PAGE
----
The Ring is, at its heart, a traditional ghost story. Yes, it has been modernized somewhat–there literally is a ghost in the machine, in this case a television set–but it is traditional in that it relies on things like atmosphere, mood, and setting to create suspense. Much of what passes for horror nowadays is about as scary as a rerun of Quincy; if you’ve got a strong stomach and a liking for power tools, you’re set. Traditional horror relies on tickling the more primal parts of our brains, where the basic fears dwell: darkness, loneliness, the unknown.
The plot: rumors spread through Japan of a cursed video; if you watch it, you will die exactly one week later. Reiko Asakawa, a reporter, hears the stories and is curious. She tracks down the video, watches it, and immediately wishes she hasn’t. Hoping to solve the video’s riddle, Reiko makes a copy and shows it to her ex-husband (at his suggestion, not hers), and he agrees to help her. But the clock is ticking…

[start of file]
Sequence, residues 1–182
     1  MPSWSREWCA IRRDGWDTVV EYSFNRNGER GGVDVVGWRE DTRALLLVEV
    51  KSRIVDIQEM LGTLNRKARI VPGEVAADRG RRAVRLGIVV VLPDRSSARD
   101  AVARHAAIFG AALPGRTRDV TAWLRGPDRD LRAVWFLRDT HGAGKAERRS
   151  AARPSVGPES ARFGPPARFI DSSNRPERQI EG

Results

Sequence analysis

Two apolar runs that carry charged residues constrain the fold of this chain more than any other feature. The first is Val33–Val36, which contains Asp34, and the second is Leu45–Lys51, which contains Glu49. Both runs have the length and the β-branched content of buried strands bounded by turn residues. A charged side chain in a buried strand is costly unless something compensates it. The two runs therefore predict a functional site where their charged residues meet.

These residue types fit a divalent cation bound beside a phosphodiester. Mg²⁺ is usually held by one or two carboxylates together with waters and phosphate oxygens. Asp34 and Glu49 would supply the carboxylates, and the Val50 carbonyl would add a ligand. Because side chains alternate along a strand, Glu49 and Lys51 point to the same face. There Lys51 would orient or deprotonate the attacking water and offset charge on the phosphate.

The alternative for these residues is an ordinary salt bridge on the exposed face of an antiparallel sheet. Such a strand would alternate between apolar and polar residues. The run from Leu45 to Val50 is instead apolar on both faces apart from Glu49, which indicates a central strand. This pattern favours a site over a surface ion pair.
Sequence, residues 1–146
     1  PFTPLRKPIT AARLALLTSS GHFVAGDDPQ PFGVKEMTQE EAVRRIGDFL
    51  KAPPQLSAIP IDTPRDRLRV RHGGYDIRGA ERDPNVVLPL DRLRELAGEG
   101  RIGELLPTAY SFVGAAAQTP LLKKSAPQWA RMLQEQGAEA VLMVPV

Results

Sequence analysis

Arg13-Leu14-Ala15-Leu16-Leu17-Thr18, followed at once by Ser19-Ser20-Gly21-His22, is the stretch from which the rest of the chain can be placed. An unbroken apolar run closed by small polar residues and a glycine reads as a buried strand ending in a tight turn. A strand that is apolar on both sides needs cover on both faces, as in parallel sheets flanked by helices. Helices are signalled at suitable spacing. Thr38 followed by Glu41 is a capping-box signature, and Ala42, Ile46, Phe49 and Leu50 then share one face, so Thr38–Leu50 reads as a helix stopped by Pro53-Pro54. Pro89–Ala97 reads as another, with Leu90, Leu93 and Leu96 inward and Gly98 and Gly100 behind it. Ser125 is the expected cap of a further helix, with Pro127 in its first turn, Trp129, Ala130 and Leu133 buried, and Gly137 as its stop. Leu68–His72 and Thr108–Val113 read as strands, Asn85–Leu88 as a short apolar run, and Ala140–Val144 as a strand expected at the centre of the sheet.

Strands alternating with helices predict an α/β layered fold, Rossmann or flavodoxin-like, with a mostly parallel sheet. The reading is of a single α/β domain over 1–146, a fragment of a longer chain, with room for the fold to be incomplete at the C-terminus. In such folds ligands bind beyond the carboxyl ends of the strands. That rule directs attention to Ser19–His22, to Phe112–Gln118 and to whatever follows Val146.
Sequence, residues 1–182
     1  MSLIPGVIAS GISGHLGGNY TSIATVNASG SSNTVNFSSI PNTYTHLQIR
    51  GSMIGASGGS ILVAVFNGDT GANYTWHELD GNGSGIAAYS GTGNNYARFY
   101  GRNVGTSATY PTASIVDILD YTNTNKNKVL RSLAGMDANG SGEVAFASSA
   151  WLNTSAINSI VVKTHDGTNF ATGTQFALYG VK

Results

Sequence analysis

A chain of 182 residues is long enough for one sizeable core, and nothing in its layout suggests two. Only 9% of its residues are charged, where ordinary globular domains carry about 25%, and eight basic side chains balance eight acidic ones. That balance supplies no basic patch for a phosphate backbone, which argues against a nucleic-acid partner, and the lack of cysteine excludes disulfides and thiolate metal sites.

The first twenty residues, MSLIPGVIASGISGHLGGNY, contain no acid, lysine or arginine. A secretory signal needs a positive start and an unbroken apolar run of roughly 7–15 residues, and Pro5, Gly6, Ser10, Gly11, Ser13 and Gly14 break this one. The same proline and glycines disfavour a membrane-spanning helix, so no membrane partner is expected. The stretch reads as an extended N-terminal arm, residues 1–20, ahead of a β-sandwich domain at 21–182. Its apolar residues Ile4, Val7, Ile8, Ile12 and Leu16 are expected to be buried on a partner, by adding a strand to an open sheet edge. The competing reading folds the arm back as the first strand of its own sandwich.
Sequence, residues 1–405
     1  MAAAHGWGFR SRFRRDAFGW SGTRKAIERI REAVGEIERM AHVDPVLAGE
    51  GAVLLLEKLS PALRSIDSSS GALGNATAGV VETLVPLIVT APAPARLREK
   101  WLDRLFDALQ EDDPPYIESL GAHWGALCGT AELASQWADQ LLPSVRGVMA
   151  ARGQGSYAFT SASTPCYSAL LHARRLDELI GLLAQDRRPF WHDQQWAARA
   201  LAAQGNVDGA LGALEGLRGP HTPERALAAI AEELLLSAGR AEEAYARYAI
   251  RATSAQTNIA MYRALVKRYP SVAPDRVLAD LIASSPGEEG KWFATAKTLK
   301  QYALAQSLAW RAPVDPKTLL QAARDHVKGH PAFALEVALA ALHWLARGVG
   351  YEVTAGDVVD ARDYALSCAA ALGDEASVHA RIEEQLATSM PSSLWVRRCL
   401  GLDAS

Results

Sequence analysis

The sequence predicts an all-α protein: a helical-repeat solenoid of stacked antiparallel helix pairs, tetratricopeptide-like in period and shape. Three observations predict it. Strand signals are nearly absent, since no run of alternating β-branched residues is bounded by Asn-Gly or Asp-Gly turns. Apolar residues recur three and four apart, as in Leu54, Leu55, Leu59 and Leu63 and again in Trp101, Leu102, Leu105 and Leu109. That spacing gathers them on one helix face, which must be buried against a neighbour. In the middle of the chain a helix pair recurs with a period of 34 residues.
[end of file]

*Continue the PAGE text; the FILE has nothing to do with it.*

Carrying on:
Teens who like horror will pick up The Ring; it is different enough from the American version of the movie to sustain interest. Also, there is a second volume (not reviewed here), so readers can learn what happens after the movie ends. Recommended.
The Ring, vol. 1
by Misao Inagaki
Dark Horse 2003